Creating Grandma Hopper’s cookbook collection was a bit of an in-depth process. I wanted the books to look classic and colorful (and be copyright free!) I used archive.org, especially the Cornell University Library collection to create the book images. I imported each book cover into Photoshop, re-sized it, removed any stray bits I didn’t want (such as library bar code stickers) and added a spine to give the books some thickness.
The image is sized to print on 8-1/2″ x 11″ paper. I honestly don’t know how it would print on A4 sized paper. Give it a try and let me know? Anyway, make sure that you print on nice cardstock (I used 65 lb. weight, bright white. I think a linen-textured paper could also be lovely.) And print using your printer’s highest settings. My printer is a total crap basic inkjet that I believe we got for free bundled with a desktop computer we don’t even have anymore. It’s probably nearly 10 years old at this point. Anyway, even on my cheapo printer, it printed pretty well at high quality.
Before I get to the actual tutorial, I’d like to mention something I didn’t do when I made my books but should probably do in the future. It is recommended that you should spray your printed image with an acrylic spray fixative before cutting or handling it. I don’t know much about the various types available, but after having done this project, I would definitely add this step in the future. Each time I’ve handled my books, both while making them, and after, they have left ink smudges on my fingers. So far I have not noticed any additional ink transfer between books or from my hands to other surfaces, but that may happen over time. I may be able to spray the completed projects, but I think doing so earlier in the process would be much easier.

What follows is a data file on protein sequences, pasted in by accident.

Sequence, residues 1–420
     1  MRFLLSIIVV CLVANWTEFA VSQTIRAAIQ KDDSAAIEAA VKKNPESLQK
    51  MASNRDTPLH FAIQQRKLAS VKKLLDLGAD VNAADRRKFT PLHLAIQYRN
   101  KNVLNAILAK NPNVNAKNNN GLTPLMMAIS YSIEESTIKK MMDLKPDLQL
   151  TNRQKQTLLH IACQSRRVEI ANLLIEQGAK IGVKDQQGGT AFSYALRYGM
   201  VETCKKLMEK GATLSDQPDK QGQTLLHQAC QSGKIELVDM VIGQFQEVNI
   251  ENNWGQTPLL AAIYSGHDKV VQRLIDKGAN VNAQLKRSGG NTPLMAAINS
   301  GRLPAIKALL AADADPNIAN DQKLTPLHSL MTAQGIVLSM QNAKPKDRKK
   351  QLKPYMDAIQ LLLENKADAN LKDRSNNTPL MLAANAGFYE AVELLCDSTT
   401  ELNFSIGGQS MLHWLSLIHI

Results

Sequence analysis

Onto the tutorial!
- Print out the image on high quality cardstock using the best setting on your printer.
- Roughly cut out the book image(s)
- With sharp, small scissors, carefully cut around the image, as close to the images as possible.
- Run a marker with similar colors to your cover along the cut edges of the book. It’s a minor thing, but making the white edges a matching color really increases the realism of your books.
- Using a colored pencil, color the reverse side of the book with the color of your choice. This creates an effective endpaper look and also helps to disguise that it’s just plain cardstock.
- With the printed side up, use a ruler and a narrow tool to create tiny parallel creases at each side of the book’s spine. I used a piercing tool for this step. I found that even the blunt side of an Xacto blade cut into the cardstock too much. A ball stylus may also be a good solution. Some of the book printies have very narrow spines. I recommend still making two parallel creases to help reduce the cardstock cracking when you fold it.
- Carefully fold your book on the crease lines. Try to fold the creases to 90 degrees, not fully in half. If you fold fully in half, your cardstock will crack.
- Cut several pieces of cardstock or other paper into pieces slightly smaller than your book cover. Cut enough so that they will “fill” the space created by the book’s spine.
- Glue the filler pieces together. I use a liquid glue for paper, but glue stick would probably also be okay.
- Open up your book. Apply glue to the back cover. (I use this Tombow liquid glue. It dries quickly and I like the precision tip.) Place your filler paper unit into the cover, making sure to leave the spine free so that the book can be closed.
- Place some glue on top of the filler paper, then close and hold the book until the glue engages. If your glue takes a long time to dry, you may be able to keep it closed with a binder clip. But the Tombow takes only about 10 seconds to bond.
- Your book is now done. Repeat 49 more times for the complete 50-book collection. 🙂